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Peter McManners

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Beyond the 787 Dreamliner 21 January 2013

The grounding of the 787 Dreamliner is a blow to Boeing but not a surprise. A new model, using novel manufacturing techniques and new technologies such as electric systems to replace hydraulics, will always have teething problems. I am sure Boeing will get to the bottom of the cause and the 787 Dreamliner will return to the skies. This shows that to design and build an aircraft that departs from the current tested parameters is risky. It is going to get riskier still for the aviation industry as people demand that emissions from aviation are reduced.

This picture, purporting to be the Boeing 797, shows a blended wing aircraft which many people think will be the future of fast efficient air travel. It is expected that such aircraft can be a massive 50% more fuel-efficient than the conventional tube with wings design. They can be stiffer, lighter and have better aerodynamics. An aircraft like the Boeing 797 would make the current airline fleets obsolete in a world of rising fuel costs. The engineering of such a design is understood so there are no technical barriers but with such a radical design there may be teething problems. There may also be passenger acceptance issues as people get used to not having a window seat but nothing that cannot be overcome.

This image is from an article in the magazine Popular Science a decade ago and widely circulated on the internet as a hoax, but like all good hoaxes has more than a grain of truth. Blended wing aircraft can and have been built and would make conventional aircraft obsolete, including the 787 Dreamliner. It would be commercial suicide for Boeing to trumpet this next stage in the evolution of aircraft until it has built and sold the 1,000 planes in its order book. Boeing will not be building blended wind aircraft any time soon ‒ unless we demand they should. If we decided to tax aviation fuel in line with ground transportation, we could bring forward this next generation of aircraft.

I hope that the technicians at Boeing find and solve the problems with the Dreamliner but I hope the senior corporate management authorise the design of a blended wing passenger aircraft, not as large as the Boeing 797 concept but of similar size to the Dreamliner. Commercially, they will not want to take this path but that is what the world needs.

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Australia Cooking on Coal 12 January 2013

Australia is burning as record temperatures scorch the country. I wonder if this will be enough to put a bushfire through Australian coal policy.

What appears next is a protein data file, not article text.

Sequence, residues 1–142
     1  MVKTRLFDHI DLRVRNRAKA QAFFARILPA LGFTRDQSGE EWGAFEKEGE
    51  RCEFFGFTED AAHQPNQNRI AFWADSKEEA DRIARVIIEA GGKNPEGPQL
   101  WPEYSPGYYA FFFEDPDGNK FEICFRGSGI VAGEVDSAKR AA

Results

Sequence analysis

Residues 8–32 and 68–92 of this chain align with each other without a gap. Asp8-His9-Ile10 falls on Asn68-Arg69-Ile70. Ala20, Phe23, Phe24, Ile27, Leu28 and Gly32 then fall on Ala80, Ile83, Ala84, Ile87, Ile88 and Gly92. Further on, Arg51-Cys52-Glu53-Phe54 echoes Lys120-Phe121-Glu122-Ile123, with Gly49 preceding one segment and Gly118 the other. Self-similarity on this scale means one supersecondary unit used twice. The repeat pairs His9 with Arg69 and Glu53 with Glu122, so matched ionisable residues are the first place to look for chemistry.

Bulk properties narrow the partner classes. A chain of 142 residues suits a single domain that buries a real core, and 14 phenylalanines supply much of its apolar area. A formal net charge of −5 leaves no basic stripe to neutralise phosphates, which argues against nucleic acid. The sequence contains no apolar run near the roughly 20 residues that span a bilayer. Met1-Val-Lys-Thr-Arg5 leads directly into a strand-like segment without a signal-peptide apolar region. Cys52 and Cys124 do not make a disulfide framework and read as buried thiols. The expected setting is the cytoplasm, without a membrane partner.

Australia's highest recorded temperature is 50.7C, set in January 1960 in South Australia. The record for the hottest average day across the country was set last Monday, at 40.3C, exceeding a 40-year-old record. Wildfires are raging across New South Wales and Tasmania. For next Monday Australia's Bureau of Meteorology forecast temperatures over 52C – so high that it has had to add a new colour to the top of its scale, an incandescent purple.

This is a country with huge reserves of coal which it burns to generate electricity and exports, particularly to China. The coal industry defends itself in forthright Aussi style with mining magnate Clive Palmer accusing the Australian Greens and Queensland environmental campaigners of "treason" in conspiring with US powers to destroy the nation's coal industry. This is also a country blessed with one of the largest solar energy capacity per head of population on the planet. Australia could close down its coal industry and get all the energy its needs from solar, not just solar power stations but houses with air conditioning running from solar panels on the roof and a whole range of innovative methods to gather the Aussi rays. This includes a huge commercial opportunity in the potential market for ‘liquid sunshine’ as I wrote in my book Adapt and Thrive: The Sustainable Revolution:

Australia has huge deserts, technical expertise and investment capital. It is a great country, but under the Howard premiership (1996-2007) it has risked undermining its standing in the world by not engaging with the world’s efforts to reduce carbon emissions. I believe this is very short-sighted. If the world turned against fossil fuels, then the economic barrier that prevents us from solving the challenge of fuel from the desert would be removed. I believe that it would be in Australia’s long-term interests to switch policy and push hard to eliminate fossil fuels. Australia should act first at home and close down its coal mining industry in order to have the credibility to then support world efforts to close down the market for fossil fuels. In this way, Australia could become much more sustainable and establish a lucrative market for ‘liquid sunshine’ from Australia’s vast desert interior. The world would have enormous respect for Australia if it could put short-term economic considerations aside to pursue such a strategy.

The case for closing down the world coal industry is strong on environmental grounds. For many countries this would be hard; for Australia it is feasible and sensible to stop cooking on coal but short-termism and vested interest will intervene. Aussis don’t like being lectured by outsiders but I am an insider born in Hobart, Tasmania with every right to speak out. Wake up Australia, pull your thumb out of your bum and stop the Barbeque whilst you still can.

Read more: http://www.brisbanetimes.com.au/queensland/cia-threatens-australian-coal-industry-palmer-20120320-1vhi7.html#ixzz2Hkilo7SU


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